Here is the link and below is an excerpt:
Having lived in Colorado for almost 30 years, I am both pleased and unsettled by the way that this super-sized state duplicates the “echo chamber” workings of a small town.
Here’s a recent example. On Aug. 6, around 2:30 p.m., I responded to a question from the audience at the Rocky Mountain Energy Summit, the annual meeting of the Colorado Oil and Gas Association. The questioner spoke critically of a recent chain of events in which my congressman, Jared Polis, challenged the arrival of a drilling rig in proximity to his rural second home.
Trying to moderate to the intensely critical stance of the questioner, I said that, in my opinion, Congressman Polis had been trying to use his prominent and visible position to call attention to a situation that troubled a number of his constituents. I said that I did not think that his first step — filing a lawsuit — was necessarily the wisest way to achieve this goal. And then I said that I thought it would be a good idea for the association to invite Polis to join us to this conference.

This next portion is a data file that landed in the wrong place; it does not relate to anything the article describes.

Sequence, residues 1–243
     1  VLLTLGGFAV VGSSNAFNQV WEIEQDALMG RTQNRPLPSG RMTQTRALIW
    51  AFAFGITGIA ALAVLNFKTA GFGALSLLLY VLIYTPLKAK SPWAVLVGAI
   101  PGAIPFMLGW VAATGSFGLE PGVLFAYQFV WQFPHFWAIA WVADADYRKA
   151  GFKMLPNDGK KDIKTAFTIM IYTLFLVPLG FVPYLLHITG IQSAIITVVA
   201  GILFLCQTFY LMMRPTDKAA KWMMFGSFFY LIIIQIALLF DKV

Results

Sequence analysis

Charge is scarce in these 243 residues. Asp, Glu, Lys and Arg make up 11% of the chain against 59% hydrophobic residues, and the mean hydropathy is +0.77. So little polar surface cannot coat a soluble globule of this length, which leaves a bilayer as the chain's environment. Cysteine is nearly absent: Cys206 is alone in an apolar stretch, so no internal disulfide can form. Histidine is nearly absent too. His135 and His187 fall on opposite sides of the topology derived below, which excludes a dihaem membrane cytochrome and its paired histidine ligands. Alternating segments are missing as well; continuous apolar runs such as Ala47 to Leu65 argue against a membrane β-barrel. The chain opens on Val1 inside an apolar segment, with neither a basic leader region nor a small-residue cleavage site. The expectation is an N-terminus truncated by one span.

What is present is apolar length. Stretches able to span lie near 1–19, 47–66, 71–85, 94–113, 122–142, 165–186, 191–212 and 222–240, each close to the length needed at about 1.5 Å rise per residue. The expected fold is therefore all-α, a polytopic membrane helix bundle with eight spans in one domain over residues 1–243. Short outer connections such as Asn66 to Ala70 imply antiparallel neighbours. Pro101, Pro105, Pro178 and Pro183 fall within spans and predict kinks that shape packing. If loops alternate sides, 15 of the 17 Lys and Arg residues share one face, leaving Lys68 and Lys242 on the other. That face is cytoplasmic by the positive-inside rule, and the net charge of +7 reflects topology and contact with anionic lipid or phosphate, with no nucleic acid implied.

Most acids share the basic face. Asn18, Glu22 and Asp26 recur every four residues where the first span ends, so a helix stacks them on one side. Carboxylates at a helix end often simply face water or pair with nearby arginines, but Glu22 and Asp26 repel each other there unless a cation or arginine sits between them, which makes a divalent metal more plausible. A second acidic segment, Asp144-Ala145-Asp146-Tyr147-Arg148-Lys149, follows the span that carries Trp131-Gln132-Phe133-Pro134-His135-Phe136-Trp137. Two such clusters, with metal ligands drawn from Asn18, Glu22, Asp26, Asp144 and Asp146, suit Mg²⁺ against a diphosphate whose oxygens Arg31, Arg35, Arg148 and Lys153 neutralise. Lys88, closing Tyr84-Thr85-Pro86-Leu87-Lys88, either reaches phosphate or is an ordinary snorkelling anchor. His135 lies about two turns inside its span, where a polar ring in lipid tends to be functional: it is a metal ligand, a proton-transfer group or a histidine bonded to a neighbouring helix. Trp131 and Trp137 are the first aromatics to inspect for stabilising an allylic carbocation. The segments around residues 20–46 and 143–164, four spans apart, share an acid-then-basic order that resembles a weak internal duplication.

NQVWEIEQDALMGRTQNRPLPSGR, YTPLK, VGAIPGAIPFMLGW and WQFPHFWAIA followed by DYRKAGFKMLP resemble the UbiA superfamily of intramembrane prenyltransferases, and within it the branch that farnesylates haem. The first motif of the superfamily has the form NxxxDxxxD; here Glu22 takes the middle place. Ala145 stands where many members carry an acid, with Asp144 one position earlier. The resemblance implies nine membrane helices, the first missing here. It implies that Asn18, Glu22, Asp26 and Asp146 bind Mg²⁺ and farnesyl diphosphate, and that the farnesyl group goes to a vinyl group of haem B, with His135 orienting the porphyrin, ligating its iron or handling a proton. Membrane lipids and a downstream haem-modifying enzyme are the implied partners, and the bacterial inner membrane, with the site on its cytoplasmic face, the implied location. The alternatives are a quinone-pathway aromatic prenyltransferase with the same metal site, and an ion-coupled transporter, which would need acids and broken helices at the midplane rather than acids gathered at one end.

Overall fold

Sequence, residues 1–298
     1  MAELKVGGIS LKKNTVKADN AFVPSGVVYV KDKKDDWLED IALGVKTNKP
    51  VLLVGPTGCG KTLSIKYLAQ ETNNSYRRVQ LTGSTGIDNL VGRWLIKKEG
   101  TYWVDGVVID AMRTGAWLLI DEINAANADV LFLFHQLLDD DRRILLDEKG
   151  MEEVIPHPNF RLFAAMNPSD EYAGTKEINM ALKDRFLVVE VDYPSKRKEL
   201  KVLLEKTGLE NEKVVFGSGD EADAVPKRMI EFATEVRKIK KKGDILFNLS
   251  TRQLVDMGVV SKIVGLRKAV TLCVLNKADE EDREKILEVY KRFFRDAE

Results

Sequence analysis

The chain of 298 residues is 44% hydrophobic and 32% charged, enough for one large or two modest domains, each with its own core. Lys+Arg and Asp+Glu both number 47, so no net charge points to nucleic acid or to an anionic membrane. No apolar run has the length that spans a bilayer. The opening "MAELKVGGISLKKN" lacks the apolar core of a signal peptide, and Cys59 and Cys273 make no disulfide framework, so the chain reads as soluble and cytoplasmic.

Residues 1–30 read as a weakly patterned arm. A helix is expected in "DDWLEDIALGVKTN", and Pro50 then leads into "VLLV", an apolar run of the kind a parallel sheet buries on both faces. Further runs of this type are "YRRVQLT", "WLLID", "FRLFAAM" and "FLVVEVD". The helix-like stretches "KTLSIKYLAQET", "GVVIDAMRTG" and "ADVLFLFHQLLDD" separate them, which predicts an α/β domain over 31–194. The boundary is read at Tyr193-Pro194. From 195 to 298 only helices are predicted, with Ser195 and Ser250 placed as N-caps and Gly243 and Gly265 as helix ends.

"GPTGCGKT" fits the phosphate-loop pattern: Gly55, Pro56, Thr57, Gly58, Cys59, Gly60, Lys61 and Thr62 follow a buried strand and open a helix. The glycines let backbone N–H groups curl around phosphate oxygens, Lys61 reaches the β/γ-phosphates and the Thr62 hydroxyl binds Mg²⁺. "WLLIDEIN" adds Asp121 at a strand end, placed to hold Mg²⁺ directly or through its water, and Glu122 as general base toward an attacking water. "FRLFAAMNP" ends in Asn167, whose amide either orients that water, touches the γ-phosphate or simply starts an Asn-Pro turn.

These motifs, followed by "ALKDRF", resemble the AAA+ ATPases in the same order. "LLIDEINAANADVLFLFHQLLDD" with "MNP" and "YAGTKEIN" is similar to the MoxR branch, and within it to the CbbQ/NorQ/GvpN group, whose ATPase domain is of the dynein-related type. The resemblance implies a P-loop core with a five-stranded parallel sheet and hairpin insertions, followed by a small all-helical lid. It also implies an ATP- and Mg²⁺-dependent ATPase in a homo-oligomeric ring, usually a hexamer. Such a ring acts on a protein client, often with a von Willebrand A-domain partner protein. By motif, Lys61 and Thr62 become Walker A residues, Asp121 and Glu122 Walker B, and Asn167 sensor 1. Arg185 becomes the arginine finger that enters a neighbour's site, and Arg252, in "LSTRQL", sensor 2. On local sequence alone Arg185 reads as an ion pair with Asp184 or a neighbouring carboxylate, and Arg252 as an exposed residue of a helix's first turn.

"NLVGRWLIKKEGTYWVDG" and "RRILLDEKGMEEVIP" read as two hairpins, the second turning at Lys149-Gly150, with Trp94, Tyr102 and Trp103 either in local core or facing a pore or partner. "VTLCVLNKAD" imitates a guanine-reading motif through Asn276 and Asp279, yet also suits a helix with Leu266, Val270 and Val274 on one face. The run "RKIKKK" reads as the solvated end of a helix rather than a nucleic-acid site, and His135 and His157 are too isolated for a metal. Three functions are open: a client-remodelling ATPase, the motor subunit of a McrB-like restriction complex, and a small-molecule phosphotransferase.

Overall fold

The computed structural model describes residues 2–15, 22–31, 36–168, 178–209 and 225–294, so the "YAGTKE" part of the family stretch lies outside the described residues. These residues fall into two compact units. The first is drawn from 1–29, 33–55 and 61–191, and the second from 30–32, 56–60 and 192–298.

Less than three hours passed before Polis sent me an e-mail. If I had indeed invited him to the conference, he told me, he would try to fit this into his schedule.
When I made my statement, on Aug. 6, to a room occupied by several hundred people, it never occurred to me that I was also addressing the congressman and maybe thousands of others, as information rippled out of the Colorado Convention Center and into the “small town” called Colorado.
Polis’ response to my invitation forcefully reacquainted me with the key lesson of my small-town childhood: Do not forget that your voice carries.
I bet many of our states are like this.